An Introduction Into the Dynamics of the Founder EffectPopulations are divided by geographic boundaries, confining a specific region/group of people to share and distribute its genetic traits within themselves without outward influence. The size of these populations is dependant upon whether certain mountains, rivers, deserts, oceans, or other extreme geographical, cultural, or technological conditions determine the tendency for isolation or migration. Most modern populations were originally settled by a relatively small handful of people that for whatever reason migrated to a new uninhabited area, and then multiplied. The genetic code of those founding individuals largely determines the genetic code of future generations, making that area distinctive having it’s future generations genetic code modeled after the original founders. Analyzing the founders of populations requires written or physical evidence to identify any possible founder of a population. So to analyze modern founding fathers is relatively easier in comparison to older founding fathers because of a lack of physical evidence for older populations. For a recently founded population such as the French settlers that migrated to the Chicoutimi region of Quebec, Canada in the 1940’s there is a collection of written knowledge about it’s inhabitants over that time. That information can identify the specifics person/persons that might have founded that population. Other populations that we have a large collection of knowledge regarding its founders include white Australians, African-Americans, as well as certain Caribbean populations. In contrast, trying to determine the founding fathers whom settled North America from Asia about fifteen thousand years ago is much more difficult because there is so little recorded evidence and knowledge of that time period. This makes it difficult to determine the founders of the large populations we know today. Equatorial Africa was occupied by mostly Bushmen and Pygmies until about two thousand years ago, when the Bantu speaking people of the Congo region developed agriculture, iron, and domesticated animals. Following those advances the small number of Bantu multiplied until they overran half the African continent, pushing the Pygmies and Bushmen into areas unsuitable for farmland. The Bantu peoples thereby founded the entire gene pool of subequatorial Africa anew a mere 2,000 years ago. Europe’s founding fathers came largely within two migrations: one being farmers form the Near East about eight thousand years ago settling largely along the Mediterranean; the second being from Southern Russia about six thousand years ago populating northern and western Europe.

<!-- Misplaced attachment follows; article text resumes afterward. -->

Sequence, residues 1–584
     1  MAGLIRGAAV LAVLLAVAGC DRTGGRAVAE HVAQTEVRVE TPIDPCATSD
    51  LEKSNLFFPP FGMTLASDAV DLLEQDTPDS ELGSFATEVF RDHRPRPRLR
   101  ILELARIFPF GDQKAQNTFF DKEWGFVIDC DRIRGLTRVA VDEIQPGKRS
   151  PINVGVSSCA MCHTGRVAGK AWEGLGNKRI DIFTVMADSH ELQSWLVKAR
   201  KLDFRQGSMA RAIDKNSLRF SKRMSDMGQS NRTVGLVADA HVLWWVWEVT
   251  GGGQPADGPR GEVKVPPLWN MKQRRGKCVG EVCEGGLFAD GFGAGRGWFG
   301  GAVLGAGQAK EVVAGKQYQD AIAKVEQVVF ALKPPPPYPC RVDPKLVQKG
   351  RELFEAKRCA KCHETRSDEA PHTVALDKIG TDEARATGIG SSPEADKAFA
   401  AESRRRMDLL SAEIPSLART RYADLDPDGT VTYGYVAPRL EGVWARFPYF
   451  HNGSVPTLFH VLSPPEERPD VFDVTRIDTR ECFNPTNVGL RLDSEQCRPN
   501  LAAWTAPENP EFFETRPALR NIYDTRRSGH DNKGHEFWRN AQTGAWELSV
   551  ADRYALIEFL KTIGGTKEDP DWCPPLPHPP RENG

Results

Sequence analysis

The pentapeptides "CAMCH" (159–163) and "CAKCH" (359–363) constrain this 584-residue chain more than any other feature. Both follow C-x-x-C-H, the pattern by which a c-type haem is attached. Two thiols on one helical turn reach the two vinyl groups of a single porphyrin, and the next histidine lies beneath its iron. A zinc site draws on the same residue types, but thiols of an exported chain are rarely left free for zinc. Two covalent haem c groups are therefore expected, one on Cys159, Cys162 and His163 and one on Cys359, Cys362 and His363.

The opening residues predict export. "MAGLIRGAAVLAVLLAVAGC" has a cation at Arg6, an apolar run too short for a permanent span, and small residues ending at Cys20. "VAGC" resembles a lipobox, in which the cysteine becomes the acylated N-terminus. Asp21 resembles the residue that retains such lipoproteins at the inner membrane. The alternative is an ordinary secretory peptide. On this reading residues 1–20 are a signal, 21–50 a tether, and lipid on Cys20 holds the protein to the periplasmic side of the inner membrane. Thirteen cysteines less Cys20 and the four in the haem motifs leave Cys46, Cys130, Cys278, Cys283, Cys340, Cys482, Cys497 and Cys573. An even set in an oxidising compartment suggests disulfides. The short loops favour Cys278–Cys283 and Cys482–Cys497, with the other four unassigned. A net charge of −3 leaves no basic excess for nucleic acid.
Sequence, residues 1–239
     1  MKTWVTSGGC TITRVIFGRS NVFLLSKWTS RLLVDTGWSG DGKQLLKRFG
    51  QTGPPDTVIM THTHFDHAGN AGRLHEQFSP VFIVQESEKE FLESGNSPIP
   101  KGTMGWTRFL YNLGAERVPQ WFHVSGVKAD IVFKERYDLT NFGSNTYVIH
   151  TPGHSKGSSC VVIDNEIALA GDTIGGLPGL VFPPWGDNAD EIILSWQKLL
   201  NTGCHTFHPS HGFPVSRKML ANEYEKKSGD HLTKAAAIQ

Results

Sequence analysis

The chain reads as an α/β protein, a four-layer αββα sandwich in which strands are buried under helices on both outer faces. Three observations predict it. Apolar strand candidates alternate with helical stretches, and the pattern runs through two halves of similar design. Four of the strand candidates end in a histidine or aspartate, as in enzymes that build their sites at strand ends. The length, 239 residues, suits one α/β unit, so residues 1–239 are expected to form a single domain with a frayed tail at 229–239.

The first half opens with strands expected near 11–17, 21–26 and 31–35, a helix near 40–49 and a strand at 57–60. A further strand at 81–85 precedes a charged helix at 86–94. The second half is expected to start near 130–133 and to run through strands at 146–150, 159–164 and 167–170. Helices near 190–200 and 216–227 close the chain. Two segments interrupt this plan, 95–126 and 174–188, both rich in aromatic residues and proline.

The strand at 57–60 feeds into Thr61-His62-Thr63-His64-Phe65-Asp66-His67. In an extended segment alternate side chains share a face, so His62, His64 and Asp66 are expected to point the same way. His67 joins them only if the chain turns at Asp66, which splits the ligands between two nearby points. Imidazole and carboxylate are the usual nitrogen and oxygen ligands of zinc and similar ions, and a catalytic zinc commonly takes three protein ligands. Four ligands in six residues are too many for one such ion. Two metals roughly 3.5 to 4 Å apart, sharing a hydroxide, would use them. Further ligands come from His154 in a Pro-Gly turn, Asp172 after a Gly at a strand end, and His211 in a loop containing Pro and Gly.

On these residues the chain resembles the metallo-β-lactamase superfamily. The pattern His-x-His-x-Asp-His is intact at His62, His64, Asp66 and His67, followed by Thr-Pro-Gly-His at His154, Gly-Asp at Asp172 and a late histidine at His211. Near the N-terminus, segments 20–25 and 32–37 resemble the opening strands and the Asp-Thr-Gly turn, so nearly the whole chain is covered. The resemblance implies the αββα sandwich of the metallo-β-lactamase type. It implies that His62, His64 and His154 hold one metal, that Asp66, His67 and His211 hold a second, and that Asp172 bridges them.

The genetic traits of the founders of a population can be positive, negative, or neutral. Negative traits usually destroy founding populations unless the people with those traits die off. If not, then the entire population could die depending upon how severe the trait was, and if it was dominant or recessive. Something such as an enzyme or respiratory deficiency would be considered a negative trait. If the trait were dominant, than it would appear in all offspring of the parent and result in either the death of those people having that trait in the population, or perhaps even the entire population. If a negative trait were recessive than it’s effects would be less exhibited because it would take two carriers to pass the trait on, and even then the chances of having a homozygous recessive genetic code would be only 1:4 for heterozygous parents. (The chances of dominant genetic trait being exhibited in subsequent offspring whose parents were heterozygous both had the trait would be 3:4) A recessive negative trait will usually linger for more generations than a dominant one because it “hides” away, and it’s negative effects will be considerably less than a dominant allowing for the growth of a population. Most genetic traits of large populations are either positive or neutral; the original founder’s providing distinct traits that did not inhibit future growth. Neutral traits do not benefit or inhibit, such traits include eye color, fingerprint patterns, and facial shape. In Europeans, fingerprint loops are more common than whirls, while in Australian aborigines whirls are more common than loops. An example of a positive trait would be a resistance against malaria. Certain populations of the world each have their own unique genetic trait that changes the composition of their hemoglobin. In Africa it is Hb s, in Southeast Asia it is Hb E. Each of these traits are recessive and when homozygous recessive have harmful effects upon the person, when heterozygous they provide resistance to malaria. Because malaria is such a harmful disease in those areas, the people that it saves from malaria is usually higher than the number that die from having homozygous recessive genes for that trait.